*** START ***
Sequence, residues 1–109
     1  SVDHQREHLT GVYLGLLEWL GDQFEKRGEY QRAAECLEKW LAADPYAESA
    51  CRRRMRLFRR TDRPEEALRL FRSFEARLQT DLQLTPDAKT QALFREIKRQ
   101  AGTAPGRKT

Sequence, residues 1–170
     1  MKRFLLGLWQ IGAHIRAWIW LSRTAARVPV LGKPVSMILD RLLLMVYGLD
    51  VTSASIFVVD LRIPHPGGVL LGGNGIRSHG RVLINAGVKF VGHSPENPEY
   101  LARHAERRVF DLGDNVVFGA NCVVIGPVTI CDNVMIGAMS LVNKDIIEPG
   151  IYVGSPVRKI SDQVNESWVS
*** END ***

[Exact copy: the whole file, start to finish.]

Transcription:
Sequence, residues 1–109
     1  SVDHQREHLT GVYLGLLEWL GDQFEKRGEY QRAAECLEKW LAADPYAESA
    51  CRRRMRLFRR TDRPEEALRL FRSFEARLQT DLQLTPDAKT QALFREIKRQ
   101  AGTAPGRKT

Sequence, residues 1–170
     1  MKRFLLGLWQ IGAHIRAWIW LSRTAARVPV LGKPVSMILD RLLLMVYGLD
    51  VTSASIFVVD LRIPHPGGVL LGGNGIRSHG RVLINAGVKF VGHSPENPEY
   101  LARHAERRVF DLGDNVVFGA NCVVIGPVTI CDNVMIGAMS LVNKDIIEPG
   151  IYVGSPVRKI SDQVNESWVS